Poetry as Performance: Homer and Beyond
by Gregory Nagy
Cambridge University Press, 254 pp., $19.95 (paper)
by Gregory Nagy
University of Texas Press, 180 pp., $12.95 (paper)
Homer was poor. His scholars live at ease,
Making as many Homers as you please.
And every Homer furnishes a book.
The Iliad and the Odyssey, traditionally attributed to Homer, may be the greatest epics in Western literature, but no one really knows where they came from. The inquiry into this mystery—the effort to establish who composed the epics, and how, when, and where—is called the Homeric Question, and it remains one of the most actively cultivated fields in classical scholarship. Gregory Nagy of Harvard has now given the question a new answer.
The modern period of Homeric studies began with the publication of F.A. Wolf’s Prolegomena to Homer in 1795. Wolf proposed a revolutionary theory: the society in which the Homeric poems originated was, like the one that they describe, illiterate. The poems were composed as songs to be heard, not read, by an audience as illiterate as the poet himself. But, Wolf continued, the Iliad and the Odyssey as we have them are of a size and overall unity such as (1) could not have been created without the aid of writing, and (2) could not have been apprehended except through reading. Illiterate Homer, therefore, could not have given the poems their present shape: he must have composed episodes of two thousand lines or so, enough for a satisfying evening’s entertainment. The picture given in the Odyssey itself was thus in all essentials correct:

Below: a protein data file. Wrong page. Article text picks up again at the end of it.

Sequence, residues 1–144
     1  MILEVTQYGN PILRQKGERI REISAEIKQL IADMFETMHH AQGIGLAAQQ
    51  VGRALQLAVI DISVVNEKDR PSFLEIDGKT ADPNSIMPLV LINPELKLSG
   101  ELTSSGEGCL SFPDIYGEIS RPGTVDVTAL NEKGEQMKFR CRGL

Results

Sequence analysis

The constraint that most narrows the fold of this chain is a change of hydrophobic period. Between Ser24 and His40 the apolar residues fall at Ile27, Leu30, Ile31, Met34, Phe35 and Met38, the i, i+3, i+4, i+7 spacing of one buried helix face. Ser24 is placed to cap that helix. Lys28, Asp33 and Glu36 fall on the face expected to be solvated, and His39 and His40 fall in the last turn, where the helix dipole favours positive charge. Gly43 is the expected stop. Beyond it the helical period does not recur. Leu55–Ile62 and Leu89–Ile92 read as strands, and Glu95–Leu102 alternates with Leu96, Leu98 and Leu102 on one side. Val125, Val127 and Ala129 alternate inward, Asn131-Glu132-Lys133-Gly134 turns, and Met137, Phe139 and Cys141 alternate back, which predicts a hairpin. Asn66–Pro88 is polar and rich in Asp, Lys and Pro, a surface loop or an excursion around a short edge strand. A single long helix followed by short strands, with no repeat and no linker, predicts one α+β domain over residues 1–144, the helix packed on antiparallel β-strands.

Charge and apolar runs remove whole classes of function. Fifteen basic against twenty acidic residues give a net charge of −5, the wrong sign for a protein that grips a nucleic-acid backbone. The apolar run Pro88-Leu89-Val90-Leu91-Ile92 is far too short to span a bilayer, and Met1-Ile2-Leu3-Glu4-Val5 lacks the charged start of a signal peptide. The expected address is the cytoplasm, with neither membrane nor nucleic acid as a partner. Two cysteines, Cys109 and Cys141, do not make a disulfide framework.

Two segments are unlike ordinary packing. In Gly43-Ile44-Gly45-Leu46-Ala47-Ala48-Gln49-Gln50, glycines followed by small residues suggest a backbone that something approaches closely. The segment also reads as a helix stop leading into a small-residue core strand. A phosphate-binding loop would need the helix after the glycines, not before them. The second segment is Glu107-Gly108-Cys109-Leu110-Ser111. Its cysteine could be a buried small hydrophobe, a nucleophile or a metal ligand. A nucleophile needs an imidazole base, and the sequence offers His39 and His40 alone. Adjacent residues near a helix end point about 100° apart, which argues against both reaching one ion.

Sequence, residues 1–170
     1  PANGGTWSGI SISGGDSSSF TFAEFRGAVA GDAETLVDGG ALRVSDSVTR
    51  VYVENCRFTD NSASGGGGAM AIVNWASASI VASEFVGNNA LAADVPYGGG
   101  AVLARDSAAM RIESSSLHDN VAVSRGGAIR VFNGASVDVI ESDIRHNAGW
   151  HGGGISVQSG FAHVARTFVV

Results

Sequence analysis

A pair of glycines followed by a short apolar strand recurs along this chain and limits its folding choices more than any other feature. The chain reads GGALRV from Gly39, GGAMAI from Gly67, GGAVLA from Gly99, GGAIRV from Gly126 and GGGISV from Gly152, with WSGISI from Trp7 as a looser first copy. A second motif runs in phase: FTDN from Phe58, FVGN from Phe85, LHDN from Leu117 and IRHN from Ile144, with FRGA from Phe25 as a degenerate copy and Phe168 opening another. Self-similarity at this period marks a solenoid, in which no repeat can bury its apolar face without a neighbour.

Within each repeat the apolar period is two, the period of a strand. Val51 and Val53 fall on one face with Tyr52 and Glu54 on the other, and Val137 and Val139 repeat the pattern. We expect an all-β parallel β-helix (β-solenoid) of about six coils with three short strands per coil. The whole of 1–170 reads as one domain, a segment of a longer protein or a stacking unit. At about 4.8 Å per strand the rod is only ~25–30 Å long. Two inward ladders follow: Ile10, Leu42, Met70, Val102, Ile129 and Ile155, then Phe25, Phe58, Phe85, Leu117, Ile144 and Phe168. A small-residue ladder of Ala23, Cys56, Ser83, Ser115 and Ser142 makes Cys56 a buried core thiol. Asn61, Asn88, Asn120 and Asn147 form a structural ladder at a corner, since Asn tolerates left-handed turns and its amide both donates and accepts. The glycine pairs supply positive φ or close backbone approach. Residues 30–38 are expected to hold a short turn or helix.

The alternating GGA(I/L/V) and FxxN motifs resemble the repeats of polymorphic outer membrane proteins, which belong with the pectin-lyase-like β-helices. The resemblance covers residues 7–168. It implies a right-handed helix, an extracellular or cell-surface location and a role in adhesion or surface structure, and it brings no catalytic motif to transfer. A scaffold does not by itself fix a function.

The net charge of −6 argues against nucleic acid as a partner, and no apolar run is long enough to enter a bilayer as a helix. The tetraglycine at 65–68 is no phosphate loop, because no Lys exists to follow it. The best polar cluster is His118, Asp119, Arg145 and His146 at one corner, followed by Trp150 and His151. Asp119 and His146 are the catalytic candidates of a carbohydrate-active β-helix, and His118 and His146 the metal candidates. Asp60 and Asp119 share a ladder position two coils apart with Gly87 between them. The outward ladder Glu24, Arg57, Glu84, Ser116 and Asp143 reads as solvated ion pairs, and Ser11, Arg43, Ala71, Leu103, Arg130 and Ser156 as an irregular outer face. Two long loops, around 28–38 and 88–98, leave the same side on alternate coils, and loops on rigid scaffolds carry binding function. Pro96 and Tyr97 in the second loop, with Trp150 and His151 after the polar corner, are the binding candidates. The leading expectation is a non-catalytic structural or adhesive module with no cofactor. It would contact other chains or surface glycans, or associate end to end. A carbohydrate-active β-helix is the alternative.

The herald came near, bringing with him the excellent singer/whom the Muse had loved greatly, and gave him both good and evil. She reft him of his eyes, but she gave him the sweet singing/art…. [The gathered nobles] put forth their hands to the good things that lay ready before them./But when they had put away their desire for eating and drinking,/the Muse stirred the singer to sing….
The episodes thus performed were orally transmitted by Homer’s successors. Someone later, in an age of writing, noticed that with a little editorial patching and pasting the episodes could be put together to form a unified, large-scale structure, and that is the origin of our Iliad and Odyssey (about sixteen and twelve thousand lines, respectively).
Wolf’s was a seductive theory, but its elegance concealed a paradox that returned to haunt Homer studies in this century: the size and artistry of the Iliad and Odyssey were, according to Wolf, too great to be the work of an illiterate oral poet. The defects in that unity, on the other hand, were judged by him glaring enough to betray the poems’ origins in the stitching-together of previously autonomous, orally composed episodes. For Wolf’s theory to hold, in short, the poems had to be too good to be oral, but too bad to be literate.
Working out the distribution of good and bad occupied the next century of Homeric scholarship. For example, a typical assumption was that Homer, in prehistory …
Performing Homer April 9, 1998